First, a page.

What is ‘discernment’, really?

In the circles I move in, I often hear the term “discernment.” We ask people to discern before they make major decisions. We hear people saying that they are discerning what programme to study, what job to take, or whether they should marry. We hear people saying that they are discerning their mission or personal vocation. It is wonderful that so many people are trying to discern God’s will in their life, but sometimes I wonder how many of us really are equipped and ready to discern. How many of us know what genuine discernment actually is?

What I have observed is that there are many well-intentioned Christians who attempt to discern God’s will yet do not realise that they are not actually practising what the saints and the spiritual masters of the Church mean by “discernment.” This is not for lack of sincerity on their part. For some, it is because they do not know what discernment actually is (and isn’t). For others, it could be because they are not yet equipped or ready for a genuine discernment of God’s will in their lives.

There is a big difference between asking God to bless me in the way I have chosen to serve him and choosing to serve in whichever way He invites me to out of love for him. To know whether I am doing the former or latter requires a great deal of self-awareness and willingness for ever greater purification of motive. There are many devout Christians who nevertheless fail to realise that they are often doing the former even when they think they have ‘discerned’.

Genuine discernment does not happen ‘out of the blue’. It is not fortune-telling. It is not like a slave following his master’s orders out of fear or blind obedience. It is not magic. Neither is it simply an exercise in logical reasoning. Discernment is the process by which we come to know what is in God’s heart and discover to our amazement that it is what is in our own hearts as well. Discernment is a loving and attentive listening to the One we love more than anyone and anything in the world so that He can unveil for us our deepest desires – the very desires that He had planted. Discernment is the wonderful process of letting God dream His dream in us and finding that He has made us co-dreamers with him.

That is why St. Ignatius of Loyola taught that we need Holy Indifference as a prerequisite for discernment. This indifference, far from a lack of caring, is the state of being so confident in God’s love and desire for my greatest happiness that I no longer have any need to grasp at what I think will give me happiness. It is a state of total humility where I lay to rest my own thoughts of what is a better way and ask, instead, to be lead by the Lord.

When a soul embarks on a genuine process of discernment, it is always the case that he or she will grow in intimacy with Christ and mature in faith and love. This is because the goal of discernment is not making the right decision per se (or avoiding the wrong one) but growing in knowledge and love of the Trinitarian God and of our self. As we deepen our knowledge of our Beloved and increase our trust in him, we become better at knowing his heart and more inclined to choose what he wants for love of him. Significantly, our choosing what Christ wants is not one of resignation, fear, or obligation. Instead, our choice will be experienced as one of great joy because as we grow in intimacy with God and our inner self, we find that what he wants is truly what we want too.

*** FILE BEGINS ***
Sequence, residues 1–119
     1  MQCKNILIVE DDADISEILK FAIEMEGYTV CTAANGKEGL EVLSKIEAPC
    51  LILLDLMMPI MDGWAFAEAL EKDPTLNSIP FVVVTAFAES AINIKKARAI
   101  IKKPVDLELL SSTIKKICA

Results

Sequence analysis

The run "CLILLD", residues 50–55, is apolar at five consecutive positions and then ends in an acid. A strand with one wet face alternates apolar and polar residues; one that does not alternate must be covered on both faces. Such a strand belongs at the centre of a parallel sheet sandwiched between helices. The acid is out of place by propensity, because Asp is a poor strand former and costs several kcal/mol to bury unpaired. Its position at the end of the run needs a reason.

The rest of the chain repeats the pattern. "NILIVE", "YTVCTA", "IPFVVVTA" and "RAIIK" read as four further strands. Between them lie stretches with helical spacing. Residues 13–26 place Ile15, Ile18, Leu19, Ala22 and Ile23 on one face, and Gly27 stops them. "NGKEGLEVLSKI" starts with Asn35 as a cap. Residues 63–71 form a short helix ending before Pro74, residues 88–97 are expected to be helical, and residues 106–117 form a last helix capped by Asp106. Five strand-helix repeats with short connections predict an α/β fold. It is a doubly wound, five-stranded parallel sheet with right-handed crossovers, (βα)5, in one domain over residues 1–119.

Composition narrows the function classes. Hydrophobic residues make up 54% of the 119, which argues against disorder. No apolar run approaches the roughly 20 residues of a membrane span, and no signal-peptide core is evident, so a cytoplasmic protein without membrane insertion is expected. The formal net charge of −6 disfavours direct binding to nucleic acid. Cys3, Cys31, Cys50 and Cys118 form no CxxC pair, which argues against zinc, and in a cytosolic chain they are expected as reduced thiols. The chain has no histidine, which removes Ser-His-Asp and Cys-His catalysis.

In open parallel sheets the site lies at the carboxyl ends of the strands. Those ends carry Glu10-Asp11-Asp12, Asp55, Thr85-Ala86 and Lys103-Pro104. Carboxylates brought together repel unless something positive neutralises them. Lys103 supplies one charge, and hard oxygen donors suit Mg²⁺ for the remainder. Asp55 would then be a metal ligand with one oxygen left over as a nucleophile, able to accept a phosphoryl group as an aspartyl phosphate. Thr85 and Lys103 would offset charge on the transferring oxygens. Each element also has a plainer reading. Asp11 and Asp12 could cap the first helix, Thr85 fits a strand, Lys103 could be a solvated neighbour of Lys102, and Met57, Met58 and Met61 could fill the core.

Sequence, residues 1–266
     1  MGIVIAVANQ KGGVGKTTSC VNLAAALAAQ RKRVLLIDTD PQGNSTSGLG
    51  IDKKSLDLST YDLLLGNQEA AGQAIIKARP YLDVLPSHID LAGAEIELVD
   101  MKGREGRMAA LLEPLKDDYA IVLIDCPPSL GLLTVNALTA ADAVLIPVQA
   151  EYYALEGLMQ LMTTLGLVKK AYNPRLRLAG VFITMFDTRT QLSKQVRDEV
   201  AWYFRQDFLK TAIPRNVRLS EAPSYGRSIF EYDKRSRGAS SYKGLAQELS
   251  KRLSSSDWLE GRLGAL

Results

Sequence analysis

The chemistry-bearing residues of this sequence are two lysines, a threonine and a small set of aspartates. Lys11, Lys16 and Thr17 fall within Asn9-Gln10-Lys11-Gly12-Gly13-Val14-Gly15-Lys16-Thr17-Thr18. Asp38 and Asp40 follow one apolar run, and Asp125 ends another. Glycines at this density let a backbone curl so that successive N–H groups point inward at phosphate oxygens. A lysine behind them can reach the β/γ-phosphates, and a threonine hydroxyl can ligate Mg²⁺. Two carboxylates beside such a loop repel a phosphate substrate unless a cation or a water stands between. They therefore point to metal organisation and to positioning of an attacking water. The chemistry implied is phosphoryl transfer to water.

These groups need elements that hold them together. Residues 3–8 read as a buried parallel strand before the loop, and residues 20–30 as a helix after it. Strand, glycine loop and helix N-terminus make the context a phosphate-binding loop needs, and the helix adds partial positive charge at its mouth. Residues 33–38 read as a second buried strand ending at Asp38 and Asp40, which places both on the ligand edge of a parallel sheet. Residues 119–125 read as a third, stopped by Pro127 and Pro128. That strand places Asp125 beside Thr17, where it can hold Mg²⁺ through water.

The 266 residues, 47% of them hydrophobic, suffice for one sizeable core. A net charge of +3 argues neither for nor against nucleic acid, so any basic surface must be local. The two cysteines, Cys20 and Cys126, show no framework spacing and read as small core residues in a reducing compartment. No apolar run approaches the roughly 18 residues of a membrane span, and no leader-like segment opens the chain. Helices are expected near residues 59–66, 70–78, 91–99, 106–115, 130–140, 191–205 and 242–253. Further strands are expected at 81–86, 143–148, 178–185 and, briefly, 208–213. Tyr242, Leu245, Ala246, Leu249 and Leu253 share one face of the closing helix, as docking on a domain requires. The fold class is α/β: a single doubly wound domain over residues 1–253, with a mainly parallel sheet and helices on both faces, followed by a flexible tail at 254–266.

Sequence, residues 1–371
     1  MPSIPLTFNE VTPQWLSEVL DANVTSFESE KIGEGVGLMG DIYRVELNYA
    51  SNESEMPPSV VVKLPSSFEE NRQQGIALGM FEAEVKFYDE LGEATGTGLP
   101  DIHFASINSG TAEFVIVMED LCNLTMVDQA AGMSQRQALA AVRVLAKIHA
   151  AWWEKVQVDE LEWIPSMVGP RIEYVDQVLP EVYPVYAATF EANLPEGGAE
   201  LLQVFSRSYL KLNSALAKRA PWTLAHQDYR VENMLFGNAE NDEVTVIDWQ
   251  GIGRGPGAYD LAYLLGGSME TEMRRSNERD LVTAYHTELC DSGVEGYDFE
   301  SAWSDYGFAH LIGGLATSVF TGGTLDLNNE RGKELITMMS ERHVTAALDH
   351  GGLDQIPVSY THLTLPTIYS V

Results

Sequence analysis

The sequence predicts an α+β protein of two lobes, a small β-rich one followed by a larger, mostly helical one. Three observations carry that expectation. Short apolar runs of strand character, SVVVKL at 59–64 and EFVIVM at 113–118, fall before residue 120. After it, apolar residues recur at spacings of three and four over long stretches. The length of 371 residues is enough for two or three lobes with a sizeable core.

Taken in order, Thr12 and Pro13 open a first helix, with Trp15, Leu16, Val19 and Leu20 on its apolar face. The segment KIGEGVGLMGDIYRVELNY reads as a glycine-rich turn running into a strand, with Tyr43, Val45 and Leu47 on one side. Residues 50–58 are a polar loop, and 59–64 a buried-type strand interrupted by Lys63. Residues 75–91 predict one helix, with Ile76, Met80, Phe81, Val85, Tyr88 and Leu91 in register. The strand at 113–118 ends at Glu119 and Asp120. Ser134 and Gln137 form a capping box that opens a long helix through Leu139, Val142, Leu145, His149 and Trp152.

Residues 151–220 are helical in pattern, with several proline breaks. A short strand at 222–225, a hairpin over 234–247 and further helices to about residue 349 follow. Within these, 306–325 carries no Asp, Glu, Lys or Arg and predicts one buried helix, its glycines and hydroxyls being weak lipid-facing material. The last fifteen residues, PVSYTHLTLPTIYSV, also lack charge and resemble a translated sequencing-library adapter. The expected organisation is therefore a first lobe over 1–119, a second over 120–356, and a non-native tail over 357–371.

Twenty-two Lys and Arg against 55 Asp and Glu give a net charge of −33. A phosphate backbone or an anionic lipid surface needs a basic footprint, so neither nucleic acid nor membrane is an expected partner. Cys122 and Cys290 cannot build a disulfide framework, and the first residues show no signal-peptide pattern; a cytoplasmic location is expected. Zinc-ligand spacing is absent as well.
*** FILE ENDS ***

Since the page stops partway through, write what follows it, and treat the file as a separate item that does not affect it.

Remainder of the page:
A husband who loves his wife will constantly desire to know her better so that he can give her greater joy. A wife who loves her husband will not seek to know her husband’s preferences only for the “big decisions” but in every little detail of daily life. She would delight in serving him because his happiness is more important than her own. Sure they might get it wrong sometimes, but their trust and love for each other build because they see the desire in their spouse to love them well. With time and experience, they will come to know each other so well that they can accurately predict what will bring the other the greatest joy. Still, it is never the choice per se that has ultimate importance but their love for each other.

Discerning God’s will is meant to happen in a similar context of a deeply intimate and loving relationship. If we find ourselves obsessing and stressing over what the right choice is, it may be wise to defer the moment of decision and focus instead on our relationship with God. In prayer, we will be reminded that God already knows us perfectly and intends to bring us to our greatest happiness. When we focus on the hand that God is extending out to us, we will remember that we need not know the way; we just need to take God’s hand and follow wherever he leads us.

The Missionaries of God’s Love (MGL) priests and brothers have created an adorable and helpful video resource to introduce what discernment is. Do check out their 4-part Discernment for Dummies series (linked below):

Part 1: What is discernment?
Part 2: Falling in love with Jesus

Part 3: Surrender
Part 4: Listening

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